Get 20M+ Full-Text Papers For Less Than $1.50/day. Start a 14-Day Trial for You or Your Team.

Learn More →

Reaching One's Own People, Reaching the World

Reaching One's Own People, Reaching the World M A N J U S H R E E T H A P A Modern literature in Nepal is quite recent, dating from well after the start of the twentieth century. The region's literature in traditional forms is, of course, much older, beginning as early as the thirteenth century with epigraphs, devotional poems, folklore and folk ballads, and the translation of texts from Sanskrit, Hindi, Urdu, and other established languages of South Asia. Khasa-bhasa, or "old Nepali," was spoken by the rulers of the principality of Gorkha, and so when the Nepal valley was unified around 1790 by the Gorkha ruler Prithvi Narayan Shah, the new kingdom of Nepal adopted Khasa-bhasa as the dominant language. Today, Nepal is home to at least sixty-one caste and ethnic groups and seventy-one languages, but a modernized version of Khasa-bhasa is the official "Nepali" language, used for governance, education, and commerce. Nepali is also the language in which most of country's literature is written. The founding fi g u r eo f Nepali literature is traditionally held to beBhanubhakta Acharya (1814­1868), who has been canonized, somewhat inaccurately, as the country's aadikabi, or "first poet." Other early writers who played major roles http://www.deepdyve.com/assets/images/DeepDyve-Logo-lg.png Manoa University of Hawai'I Press

Reaching One's Own People, Reaching the World

Manoa , Volume 13 (2) – Oct 1, 2001

Loading next page...
 
/lp/university-of-hawai-i-press/reaching-one-s-own-people-reaching-the-world-6M2XSQlgGs
Publisher
University of Hawai'I Press
Copyright
Copyright © 2001 University of Hawai'i Press.
ISSN
1527-943x
Publisher site
See Article on Publisher Site

Abstract

M A N J U S H R E E T H A P A Modern literature in Nepal is quite recent, dating from well after the start of the twentieth century. The region's literature in traditional forms is, of course, much older, beginning as early as the thirteenth century with epigraphs, devotional poems, folklore and folk ballads, and the translation of texts from Sanskrit, Hindi, Urdu, and other established languages of South Asia. Khasa-bhasa, or "old Nepali," was spoken by the rulers of the principality of Gorkha, and so when the Nepal valley was unified around 1790 by the Gorkha ruler Prithvi Narayan Shah, the new kingdom of Nepal adopted Khasa-bhasa as the dominant language. Today, Nepal is home to at least sixty-one caste and ethnic groups and seventy-one languages, but a modernized version of Khasa-bhasa is the official "Nepali" language, used for governance, education, and commerce. Nepali is also the language in which most of country's literature is written. The founding fi g u r eo f Nepali literature is traditionally held to beBhanubhakta Acharya (1814­1868), who has been canonized, somewhat inaccurately, as the country's aadikabi, or "first poet." Other early writers who played major roles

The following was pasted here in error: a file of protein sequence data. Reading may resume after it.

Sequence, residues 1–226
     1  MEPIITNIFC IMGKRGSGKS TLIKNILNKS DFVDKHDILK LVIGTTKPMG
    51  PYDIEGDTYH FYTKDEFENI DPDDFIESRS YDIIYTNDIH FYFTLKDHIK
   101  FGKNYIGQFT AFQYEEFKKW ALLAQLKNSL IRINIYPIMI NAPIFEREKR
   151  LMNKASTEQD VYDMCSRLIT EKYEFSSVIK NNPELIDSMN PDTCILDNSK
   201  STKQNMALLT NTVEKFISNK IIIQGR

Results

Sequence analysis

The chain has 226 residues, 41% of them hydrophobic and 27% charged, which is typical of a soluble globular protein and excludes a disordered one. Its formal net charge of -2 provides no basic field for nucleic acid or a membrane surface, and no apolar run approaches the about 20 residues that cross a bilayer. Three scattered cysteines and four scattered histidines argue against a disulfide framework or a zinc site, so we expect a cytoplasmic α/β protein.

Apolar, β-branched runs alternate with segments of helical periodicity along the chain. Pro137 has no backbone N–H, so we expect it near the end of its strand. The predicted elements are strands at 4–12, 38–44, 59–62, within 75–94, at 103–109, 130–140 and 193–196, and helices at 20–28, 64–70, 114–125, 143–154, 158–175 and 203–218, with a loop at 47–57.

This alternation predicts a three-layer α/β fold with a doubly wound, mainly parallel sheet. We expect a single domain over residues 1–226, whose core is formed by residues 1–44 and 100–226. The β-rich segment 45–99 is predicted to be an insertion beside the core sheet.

Journal

ManoaUniversity of Hawai'I Press

Published: Oct 1, 2001

There are no references for this article.